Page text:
From the moment he awakens in the morning, Raisin’s best friends are by his side.
They live in Busytown, which is sometimes directly above our house and other times underground, where it snows in April. Goldbug is his best friend (sometimes he is Raisin’s brother), with Huckle, Sally, and Hilda Hippo frequently joining the two of them for birthday parties, and games of “Go Fish.”
I remember loving Richard Scarry’s Cars and Trucks and Things that Go as a child, and Raisin takes after me. Ever since I got the book for him for his second birthday, Raisin’s enjoyed looking for little Goldbug on every page. The story is a long one, so we don’t always read every page. Because each page is independent of the page before it, it’s easy to skip pages without a discerning toddler or preschooler getting upset. We both love finding the silly things, like the pencil car and a ketchup truck . We tut-tut Dingo Dog’s crazy driving, and wonder will Officer Flossy will ever catch up to him?
In some respects, Crossed Wires by Rosy Thornton is a “chic lit” novel as the pinkish cover suggests it is: you kind of know what will happen in the end.
However, it is so much deeper than a stereotypical romance novel. I probably wouldn’t have picked it up on the cover alone. But there are so many other issues addressed in the midst of a gentle romance that it doesn’t feel unrealistic. You don’t know how the main characters will get to the happily ever after (and, in fact, the ending is not completely that either).
This modern-day romance is a delightful and realistic ride. Given that Mina and Peter live more than two hours away from each other, it seems highly unlikely from page one, where Mina answers her call center telephone to take Peter’s car accident report, that the two will get together. I love the satisfactory and yet open conclusion.
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Claude McKay was born in Jamaica 1889, and in 1912, after his first volume of Jamaican dialect poetry was published in Jamaica, he traveled to the USA, eventually settling in New York City and becoming a part of the Harlem Renaissance movement of artistic expression.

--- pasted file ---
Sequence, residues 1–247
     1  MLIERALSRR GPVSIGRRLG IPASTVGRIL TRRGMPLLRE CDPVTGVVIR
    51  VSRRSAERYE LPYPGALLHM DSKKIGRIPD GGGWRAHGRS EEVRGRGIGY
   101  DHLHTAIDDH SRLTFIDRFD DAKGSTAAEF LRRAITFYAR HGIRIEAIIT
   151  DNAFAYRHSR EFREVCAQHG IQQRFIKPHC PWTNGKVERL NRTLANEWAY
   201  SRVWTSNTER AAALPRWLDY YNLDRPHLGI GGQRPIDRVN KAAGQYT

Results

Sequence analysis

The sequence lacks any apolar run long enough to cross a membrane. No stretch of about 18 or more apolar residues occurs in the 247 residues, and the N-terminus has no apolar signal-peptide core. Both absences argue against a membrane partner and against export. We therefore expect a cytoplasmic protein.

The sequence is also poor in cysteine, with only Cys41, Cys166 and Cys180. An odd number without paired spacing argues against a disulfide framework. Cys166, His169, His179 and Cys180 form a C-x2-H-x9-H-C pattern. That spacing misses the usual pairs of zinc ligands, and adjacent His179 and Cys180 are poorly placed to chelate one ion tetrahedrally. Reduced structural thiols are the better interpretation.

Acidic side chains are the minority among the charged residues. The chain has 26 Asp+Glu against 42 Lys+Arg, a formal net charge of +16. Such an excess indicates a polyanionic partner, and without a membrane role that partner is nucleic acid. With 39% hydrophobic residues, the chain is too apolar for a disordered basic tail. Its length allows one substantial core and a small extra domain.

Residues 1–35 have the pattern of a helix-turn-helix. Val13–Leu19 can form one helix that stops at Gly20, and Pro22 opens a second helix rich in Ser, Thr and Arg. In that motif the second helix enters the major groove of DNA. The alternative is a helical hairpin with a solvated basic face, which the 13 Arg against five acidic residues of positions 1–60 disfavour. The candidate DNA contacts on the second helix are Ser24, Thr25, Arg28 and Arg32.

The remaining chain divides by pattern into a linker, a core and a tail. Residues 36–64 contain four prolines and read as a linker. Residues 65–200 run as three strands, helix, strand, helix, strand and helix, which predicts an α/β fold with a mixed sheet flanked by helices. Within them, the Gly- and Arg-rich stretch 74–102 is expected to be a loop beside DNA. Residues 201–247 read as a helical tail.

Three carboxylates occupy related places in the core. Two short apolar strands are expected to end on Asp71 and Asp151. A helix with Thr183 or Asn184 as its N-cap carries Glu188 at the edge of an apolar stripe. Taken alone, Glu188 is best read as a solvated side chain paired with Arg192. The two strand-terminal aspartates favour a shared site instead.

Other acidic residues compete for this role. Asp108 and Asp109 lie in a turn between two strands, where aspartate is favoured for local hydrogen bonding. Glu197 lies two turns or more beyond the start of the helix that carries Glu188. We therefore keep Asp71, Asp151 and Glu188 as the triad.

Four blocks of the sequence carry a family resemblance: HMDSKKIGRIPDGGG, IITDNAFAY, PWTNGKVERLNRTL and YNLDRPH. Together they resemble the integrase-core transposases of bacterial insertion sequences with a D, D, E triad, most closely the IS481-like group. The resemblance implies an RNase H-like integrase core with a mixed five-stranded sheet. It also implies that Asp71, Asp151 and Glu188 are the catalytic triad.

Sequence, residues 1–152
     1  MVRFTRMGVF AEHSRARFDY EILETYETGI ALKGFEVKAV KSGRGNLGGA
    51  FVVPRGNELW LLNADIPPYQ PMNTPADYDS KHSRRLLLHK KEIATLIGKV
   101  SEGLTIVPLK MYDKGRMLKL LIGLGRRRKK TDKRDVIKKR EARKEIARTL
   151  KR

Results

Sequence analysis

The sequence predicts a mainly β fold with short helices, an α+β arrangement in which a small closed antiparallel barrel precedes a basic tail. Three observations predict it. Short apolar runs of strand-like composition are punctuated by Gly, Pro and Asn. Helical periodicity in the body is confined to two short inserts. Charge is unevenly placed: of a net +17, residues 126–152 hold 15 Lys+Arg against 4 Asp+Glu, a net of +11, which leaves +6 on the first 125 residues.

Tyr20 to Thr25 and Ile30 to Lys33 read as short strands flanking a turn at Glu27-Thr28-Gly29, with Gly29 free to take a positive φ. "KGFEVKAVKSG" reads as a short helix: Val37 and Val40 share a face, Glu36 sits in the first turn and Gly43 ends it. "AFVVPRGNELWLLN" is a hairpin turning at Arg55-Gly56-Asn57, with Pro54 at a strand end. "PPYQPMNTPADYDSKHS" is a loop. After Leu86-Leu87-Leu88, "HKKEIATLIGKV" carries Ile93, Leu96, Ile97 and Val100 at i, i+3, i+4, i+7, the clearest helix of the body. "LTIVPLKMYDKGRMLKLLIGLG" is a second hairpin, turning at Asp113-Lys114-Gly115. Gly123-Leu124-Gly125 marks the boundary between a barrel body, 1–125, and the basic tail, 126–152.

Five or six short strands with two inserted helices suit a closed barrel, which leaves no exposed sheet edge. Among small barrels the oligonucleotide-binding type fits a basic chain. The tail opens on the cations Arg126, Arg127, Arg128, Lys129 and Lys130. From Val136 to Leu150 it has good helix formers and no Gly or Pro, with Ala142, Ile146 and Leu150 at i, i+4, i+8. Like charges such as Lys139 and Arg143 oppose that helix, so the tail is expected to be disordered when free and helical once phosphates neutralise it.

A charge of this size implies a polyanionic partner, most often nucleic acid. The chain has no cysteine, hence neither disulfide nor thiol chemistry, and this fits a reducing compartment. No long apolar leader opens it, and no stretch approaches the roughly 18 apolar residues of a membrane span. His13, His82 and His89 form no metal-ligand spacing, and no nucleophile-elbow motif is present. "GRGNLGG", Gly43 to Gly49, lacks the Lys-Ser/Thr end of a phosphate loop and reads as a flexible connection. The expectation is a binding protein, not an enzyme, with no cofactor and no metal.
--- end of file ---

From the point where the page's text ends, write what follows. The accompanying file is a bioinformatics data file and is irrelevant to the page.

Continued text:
In Harlem Shadows (published 1922), McKay captures his shock and disappointment at the discrimination he found in the United States. Racial identity is a key theme throughout the volume, and I found these themes hidden in many poems. He also wrote poems that encouraged people to be themselves, and his personal voice gives these poems an urgency. He also poignantly captures his homesickness for his tropical home. And although he wrote Harlem Shadows almost a century ago, his search for identity and place in a busy foreign world is one that we can still relate to.
I am a white woman and a stay-at-home mom living close to where I was born, and yet McKay’s racial frustrations and calls for individuals to remain strong, as well as his longings for the familiar, resonate with me. McKay’s beautiful poetry is well worth reading and revisiting.
The second half of Don Quixote of La Mancha (written in 1615, a full decade after the first half) is much better than the first half (thoughts here). As the novel progresses, Cervantes’ writing improves, the plots improve, and the character’s personalities become far more distinct. I was drawn into the story in a way I was not drawn in on reading the first half.
In short, I loved the second half. It is still not my favorite book because it is not my favorite genre (I prefer more realistic Victorian-era fiction). But it is clear why Cervantes is considered a revolutionary writer and why this novel was a precursor to other novels. It is landmark for a reason. (more…)
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How does a blind person understand the majesty of a cathedral? The narrator in Raymond Carver’s short story “Cathedral” tries to describe it. His underlying epiphany, however, is not about architecture but about his own prejudices and stereotypes. He discovers in the end that he has been the one blind. He has not understood the uniqueness of the various people in the world, particularly the blind or otherwise disabled.
I first read Raymond Carver’s short story “Cathedral” when I was in college, and as I pondered stories about the “little noticed” in life for my wallpaper reading project, I thought of it again. How often do the sighted consider the difficulties of describing a cathedral in words to those unable to see the grandeur? Likewise, how often do the -abled consider the similarities and personalities rather than the stereotypes of the “disabled”?
Having reread the story now, I don’t think it is a “wallpaper” story: it’s full of depth and it focuses on real issues that many might relate to. Carver provides some interesting parallels: the blind man’s lack of sight versus the narrator’s prejudice; the narrator’s ability to see the grandeur of a cathedral versus the wife’s ability to see the grandeur of the blind man. It is ultimately a touching story as well.
For those who may want a content warning, I should note that the friends do smoke dope together. It seems to me, though, that that scene is the beginning of the narrator’s understanding of his mistaken prejudices. As they visit and do “ordinary” (for them) things, the narrator begins to recognize his mistaken prejudice.
“Cathedral” is not in the public domain. I read it an anthology: Literature: An Introduction to Fiction, Poetry, and Drama, by X.J. Kennedy and Dana Gioia, seventh edition (1999).